November 14, 2002
O'Reilly Emerging Technology Conference Call for Participation: The Future Has an Audience
Sebastopol, CA--If you know, or at least have a really good theory,
about the technology that will revolutionize the way we compute--and
the way we live--you are invited to submit a proposal to lead tutorial
and/or conference sessions at the 2003 O'Reilly Emerging Technology
Conference, taking place April 22-25 in Santa Clara, CA.
The O'Reilly Emerging Technology Conference attracts a varied audience,
composed of entrepreneurs, CTOs/CIOs, technologists, programmers,
business developers, policy-makers, researchers, internet strategists,
designers, journalists, and hackers. All conference participants become
a vital part of the conversation that explores and reinvents how we
communicate, work, play, and learn. Any innovative application that
harnesses the power of distributed computers, users or devices, and the
technical or business issues raised by such applications, are
appropriate subjects for this conference.
Program committee members and conference participants Rael Dornfest,
Cory Doctorow, Glenn Fleishman, and Clay Shirky have planned these
Rich Internet Applications--What happens when you turn web pages back
into their underlying applications? How much more is the "Rich Internet
Application" than simply taking the browser to the next level?
Social Software--The Social Software track explores work designed to
support two-way communications in groups, from retrofitting broadcast
mechanisms with conversational tools, publishing systems that treat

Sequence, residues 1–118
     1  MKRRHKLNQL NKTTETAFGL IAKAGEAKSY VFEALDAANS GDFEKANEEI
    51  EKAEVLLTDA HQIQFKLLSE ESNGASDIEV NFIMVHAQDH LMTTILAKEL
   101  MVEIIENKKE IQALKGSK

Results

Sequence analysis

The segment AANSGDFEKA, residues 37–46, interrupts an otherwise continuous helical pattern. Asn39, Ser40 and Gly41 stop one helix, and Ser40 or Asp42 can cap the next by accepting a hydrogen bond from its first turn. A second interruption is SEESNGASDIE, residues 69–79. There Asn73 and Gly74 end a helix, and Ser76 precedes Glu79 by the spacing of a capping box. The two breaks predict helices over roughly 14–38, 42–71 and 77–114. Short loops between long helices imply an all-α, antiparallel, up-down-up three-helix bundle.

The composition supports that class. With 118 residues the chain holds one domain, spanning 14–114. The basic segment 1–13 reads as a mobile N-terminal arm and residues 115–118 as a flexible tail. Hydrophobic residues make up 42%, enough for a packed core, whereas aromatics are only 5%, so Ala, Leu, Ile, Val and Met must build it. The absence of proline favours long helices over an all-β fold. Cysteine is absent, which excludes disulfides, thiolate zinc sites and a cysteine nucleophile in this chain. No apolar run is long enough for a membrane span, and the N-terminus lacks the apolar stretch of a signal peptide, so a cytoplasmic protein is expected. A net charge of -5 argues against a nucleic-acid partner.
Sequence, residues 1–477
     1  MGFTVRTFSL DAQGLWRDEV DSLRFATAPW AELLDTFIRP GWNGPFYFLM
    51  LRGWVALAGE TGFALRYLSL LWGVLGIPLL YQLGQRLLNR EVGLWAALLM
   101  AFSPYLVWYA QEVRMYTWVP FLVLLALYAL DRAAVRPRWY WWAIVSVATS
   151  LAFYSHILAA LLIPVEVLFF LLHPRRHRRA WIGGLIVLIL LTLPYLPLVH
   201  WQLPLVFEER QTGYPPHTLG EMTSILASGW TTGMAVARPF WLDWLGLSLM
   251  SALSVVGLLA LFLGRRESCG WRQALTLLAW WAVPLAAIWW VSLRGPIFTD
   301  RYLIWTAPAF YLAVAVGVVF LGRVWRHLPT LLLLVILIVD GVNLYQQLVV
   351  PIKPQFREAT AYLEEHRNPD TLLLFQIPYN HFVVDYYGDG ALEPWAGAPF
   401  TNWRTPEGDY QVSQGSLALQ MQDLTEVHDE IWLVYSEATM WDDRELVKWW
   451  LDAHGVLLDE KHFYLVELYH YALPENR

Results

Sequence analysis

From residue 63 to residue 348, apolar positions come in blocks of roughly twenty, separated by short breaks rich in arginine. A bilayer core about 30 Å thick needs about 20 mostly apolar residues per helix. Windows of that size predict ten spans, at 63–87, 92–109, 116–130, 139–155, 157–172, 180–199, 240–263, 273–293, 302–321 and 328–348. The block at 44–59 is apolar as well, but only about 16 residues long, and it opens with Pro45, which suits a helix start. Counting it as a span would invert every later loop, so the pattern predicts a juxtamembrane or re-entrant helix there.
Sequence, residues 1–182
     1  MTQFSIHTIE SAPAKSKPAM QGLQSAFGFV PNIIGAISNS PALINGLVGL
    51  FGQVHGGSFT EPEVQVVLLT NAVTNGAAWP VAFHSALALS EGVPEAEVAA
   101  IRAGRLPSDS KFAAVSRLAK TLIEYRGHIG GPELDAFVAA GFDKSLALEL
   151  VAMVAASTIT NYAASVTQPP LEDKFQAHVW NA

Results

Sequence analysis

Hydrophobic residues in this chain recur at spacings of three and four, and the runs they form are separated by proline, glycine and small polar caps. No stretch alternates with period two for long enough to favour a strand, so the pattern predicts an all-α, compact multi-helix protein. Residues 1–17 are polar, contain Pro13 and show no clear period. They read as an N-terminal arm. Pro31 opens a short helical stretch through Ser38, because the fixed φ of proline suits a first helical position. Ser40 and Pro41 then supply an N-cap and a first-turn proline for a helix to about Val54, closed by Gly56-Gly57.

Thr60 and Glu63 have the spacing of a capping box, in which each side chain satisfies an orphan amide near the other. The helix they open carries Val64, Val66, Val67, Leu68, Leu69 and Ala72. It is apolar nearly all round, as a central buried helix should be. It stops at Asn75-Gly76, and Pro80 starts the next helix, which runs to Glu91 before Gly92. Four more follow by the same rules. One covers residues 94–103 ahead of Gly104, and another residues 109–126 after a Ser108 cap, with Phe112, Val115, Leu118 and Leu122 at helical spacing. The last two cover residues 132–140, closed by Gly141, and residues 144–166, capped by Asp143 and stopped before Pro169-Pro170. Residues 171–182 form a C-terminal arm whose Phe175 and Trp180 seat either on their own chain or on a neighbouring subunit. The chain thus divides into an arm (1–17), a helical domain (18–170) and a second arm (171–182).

community involvement as central, to the integration of multimedia
and/or mobility into the communal repertoire.
Untethered--This track cuts across several aspects of no-wire networks
and systems, including community networking, location-based services,
opportunistic equipment, wireless electricity, and the dangers of
leaving portals open, however secure, to the outside world.
Biological Models of Computing--Sessions in this track investigate
work in any sort of evolutionary computing (genetic algorithms, neural
networks, cellular automata); systems that self-tune in response to
their environment (immune system models for security; swarm
intelligence); and systems that use biological materials as
computational tools (DNA computing).
Digital Rights--Digital Rights Management (DRM), copy-restriction, and
rights-expression tools are potentially dangerous but often-innovative
technologies. The Digital Rights track considers the nexus of personal
and legislated DRM. Can DRM work? How far along are these technologies?
Can DRM help the public? Can, and indeed, should you plug "the analog
hole"? What happens when tech meets law?
Hardware--Hardware hacks expand the machine in new and powerful ways,
using cheap, off-the-shelf technology. Proposals for this track should
address how to change the world today with Radio Shack parts and simple
schematics or how the world of tomorrow will be upended by clouds of
tiny sub-micro devices.
Business Models--We feature a range of technologies that are growing
just below the horizon of commercial viability, and place a spotlight
on projects and people who are likely to become very important to the
future of internet computing. Equally important is a careful study of